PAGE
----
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Your 4-year-old now
A common obsession of kids facing doctor visits is, "Am I going to get a shot?"
How can you help prepare your child? Kids who know ahead of time that they're getting a shot tend to do better than ones who get no warning. The trick is to not warn her so far in advance that she worries needlessly to the point of obsession.
Instead, on your way to the office, mention the possibility. (There's always a chance she might not receive one, say, if she has a fever or the practice has run out of inoculations; leave the final announcement to the doctor.)
Let your child know that shots protect her and keep her healthy. Don't lie if she asks whether it will hurt: "Yes, it will hurt. But it only for a second or two, and then it's all done."
Studies have shown that children do better when parents have a matter-of-fact approach – not too much sympathy, not too coldhearted. Shots are necessary. Let's just get it done and move on. Use your favorite distraction technique to keep your child's mind off what's going to happen (a beloved toy, a song, or bubbles).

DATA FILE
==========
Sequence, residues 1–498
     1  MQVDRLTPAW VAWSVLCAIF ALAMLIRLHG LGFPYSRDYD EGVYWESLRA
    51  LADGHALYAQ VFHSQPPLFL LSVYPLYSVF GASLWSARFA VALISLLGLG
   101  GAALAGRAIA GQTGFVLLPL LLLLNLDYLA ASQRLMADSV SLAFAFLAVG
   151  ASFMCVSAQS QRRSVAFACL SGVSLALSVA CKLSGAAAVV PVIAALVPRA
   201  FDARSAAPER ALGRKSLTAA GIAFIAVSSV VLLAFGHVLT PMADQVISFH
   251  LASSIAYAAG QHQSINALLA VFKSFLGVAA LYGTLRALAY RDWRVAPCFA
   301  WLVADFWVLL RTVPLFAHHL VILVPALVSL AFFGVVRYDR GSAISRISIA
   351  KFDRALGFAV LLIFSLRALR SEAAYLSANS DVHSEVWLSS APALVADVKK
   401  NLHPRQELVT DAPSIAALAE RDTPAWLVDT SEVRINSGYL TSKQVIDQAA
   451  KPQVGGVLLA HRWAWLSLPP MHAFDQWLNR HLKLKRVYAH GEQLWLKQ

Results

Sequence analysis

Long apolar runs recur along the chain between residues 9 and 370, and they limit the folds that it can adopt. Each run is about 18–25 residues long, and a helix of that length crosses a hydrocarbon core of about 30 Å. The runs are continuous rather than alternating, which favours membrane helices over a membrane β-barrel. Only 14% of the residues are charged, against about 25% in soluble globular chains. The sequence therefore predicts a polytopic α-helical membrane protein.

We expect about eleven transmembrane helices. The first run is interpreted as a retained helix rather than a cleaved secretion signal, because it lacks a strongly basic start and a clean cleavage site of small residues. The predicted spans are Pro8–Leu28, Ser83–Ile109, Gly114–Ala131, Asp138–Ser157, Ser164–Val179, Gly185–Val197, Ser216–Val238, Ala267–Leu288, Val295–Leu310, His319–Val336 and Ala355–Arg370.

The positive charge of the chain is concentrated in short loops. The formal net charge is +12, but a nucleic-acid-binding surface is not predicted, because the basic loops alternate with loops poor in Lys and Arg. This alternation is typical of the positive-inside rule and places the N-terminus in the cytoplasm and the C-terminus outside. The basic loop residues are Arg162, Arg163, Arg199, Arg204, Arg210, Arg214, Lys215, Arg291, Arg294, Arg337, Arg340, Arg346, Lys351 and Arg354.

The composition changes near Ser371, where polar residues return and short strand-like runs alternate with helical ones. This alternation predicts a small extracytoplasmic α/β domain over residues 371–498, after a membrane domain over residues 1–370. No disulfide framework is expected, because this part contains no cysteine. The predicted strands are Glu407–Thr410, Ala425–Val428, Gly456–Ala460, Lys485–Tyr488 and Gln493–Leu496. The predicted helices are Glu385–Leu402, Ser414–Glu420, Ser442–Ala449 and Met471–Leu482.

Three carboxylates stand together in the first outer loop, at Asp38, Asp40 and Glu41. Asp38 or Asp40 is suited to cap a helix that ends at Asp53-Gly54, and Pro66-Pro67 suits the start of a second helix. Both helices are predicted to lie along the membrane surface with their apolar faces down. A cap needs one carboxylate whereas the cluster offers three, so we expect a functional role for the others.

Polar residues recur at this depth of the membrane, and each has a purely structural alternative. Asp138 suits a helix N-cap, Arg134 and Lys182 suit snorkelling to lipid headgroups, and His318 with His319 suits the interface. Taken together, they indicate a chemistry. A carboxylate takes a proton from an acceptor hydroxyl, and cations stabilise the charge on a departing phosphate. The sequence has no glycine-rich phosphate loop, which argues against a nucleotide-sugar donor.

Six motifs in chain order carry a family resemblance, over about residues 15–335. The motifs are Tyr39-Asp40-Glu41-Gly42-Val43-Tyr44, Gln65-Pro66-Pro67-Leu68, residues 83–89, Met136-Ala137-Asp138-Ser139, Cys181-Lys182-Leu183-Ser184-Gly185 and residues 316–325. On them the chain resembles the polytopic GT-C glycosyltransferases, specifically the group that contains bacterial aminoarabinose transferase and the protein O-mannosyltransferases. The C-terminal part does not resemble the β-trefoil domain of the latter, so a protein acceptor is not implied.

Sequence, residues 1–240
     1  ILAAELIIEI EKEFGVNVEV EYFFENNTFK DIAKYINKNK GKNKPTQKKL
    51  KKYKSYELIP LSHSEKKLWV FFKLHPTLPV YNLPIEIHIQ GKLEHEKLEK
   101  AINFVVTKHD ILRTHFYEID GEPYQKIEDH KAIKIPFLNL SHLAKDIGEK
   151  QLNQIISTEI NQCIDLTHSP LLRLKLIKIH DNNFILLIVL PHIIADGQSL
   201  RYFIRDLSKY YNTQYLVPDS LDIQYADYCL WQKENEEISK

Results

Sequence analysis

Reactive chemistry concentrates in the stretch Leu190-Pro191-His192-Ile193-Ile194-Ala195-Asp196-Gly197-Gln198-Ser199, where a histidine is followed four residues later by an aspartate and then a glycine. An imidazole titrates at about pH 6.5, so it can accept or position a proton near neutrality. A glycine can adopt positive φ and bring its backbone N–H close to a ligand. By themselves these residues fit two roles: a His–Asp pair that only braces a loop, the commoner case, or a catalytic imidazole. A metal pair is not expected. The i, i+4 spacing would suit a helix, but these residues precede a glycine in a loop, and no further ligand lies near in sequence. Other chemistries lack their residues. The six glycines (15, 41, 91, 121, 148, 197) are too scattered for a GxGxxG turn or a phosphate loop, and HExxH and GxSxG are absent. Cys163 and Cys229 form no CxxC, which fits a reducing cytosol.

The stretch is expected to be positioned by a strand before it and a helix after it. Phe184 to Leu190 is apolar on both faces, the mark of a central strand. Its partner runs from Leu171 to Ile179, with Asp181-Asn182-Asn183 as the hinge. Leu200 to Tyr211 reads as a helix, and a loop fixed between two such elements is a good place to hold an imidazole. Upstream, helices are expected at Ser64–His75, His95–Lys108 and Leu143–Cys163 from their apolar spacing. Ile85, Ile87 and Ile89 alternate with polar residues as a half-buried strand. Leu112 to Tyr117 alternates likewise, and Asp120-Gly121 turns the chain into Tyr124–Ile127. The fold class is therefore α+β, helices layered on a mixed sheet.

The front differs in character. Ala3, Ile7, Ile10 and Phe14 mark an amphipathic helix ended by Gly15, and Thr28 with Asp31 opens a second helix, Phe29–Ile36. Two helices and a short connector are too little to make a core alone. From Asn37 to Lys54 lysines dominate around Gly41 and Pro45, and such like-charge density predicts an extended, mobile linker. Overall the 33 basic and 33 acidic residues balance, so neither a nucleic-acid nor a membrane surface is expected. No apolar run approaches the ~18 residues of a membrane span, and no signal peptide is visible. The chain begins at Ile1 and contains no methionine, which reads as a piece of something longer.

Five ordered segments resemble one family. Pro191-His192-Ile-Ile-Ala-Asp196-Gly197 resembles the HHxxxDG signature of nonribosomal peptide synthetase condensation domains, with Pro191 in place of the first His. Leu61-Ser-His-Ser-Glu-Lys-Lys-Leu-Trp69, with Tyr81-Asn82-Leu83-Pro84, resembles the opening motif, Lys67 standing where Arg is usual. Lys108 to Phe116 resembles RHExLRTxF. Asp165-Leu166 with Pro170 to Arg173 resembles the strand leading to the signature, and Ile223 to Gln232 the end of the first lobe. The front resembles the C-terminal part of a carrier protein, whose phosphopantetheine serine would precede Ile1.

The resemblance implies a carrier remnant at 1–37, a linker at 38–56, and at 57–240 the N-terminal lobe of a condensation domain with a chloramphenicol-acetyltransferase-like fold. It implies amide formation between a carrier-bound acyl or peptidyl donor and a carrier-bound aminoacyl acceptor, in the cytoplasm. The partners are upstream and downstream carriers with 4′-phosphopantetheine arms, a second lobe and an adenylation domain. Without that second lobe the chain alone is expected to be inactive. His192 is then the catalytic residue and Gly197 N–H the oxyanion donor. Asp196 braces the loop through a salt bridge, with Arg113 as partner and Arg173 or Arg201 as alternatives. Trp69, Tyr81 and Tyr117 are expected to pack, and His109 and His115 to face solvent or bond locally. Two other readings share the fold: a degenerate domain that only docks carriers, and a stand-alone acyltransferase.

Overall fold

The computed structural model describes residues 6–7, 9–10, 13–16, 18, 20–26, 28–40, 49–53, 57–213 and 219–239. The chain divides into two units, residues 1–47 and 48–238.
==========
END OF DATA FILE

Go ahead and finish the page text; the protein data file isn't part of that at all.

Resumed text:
Your life now
Sticking to a consistent and early bedtime is one of the best ways you can prepare your child for school – and benefit from a little downtime yourself.
Sometimes pre-kindergartners are allowed to stay up late so their working parents can enjoy more family time. But once kindergarten begins, your child will need to rise at a regular time having had a full 11 to 12 hours of sleep.
If she's accustomed to a later bedtime, start inching it up five minutes or so every five days over a period of weeks and wake her up that much earlier in the morning.
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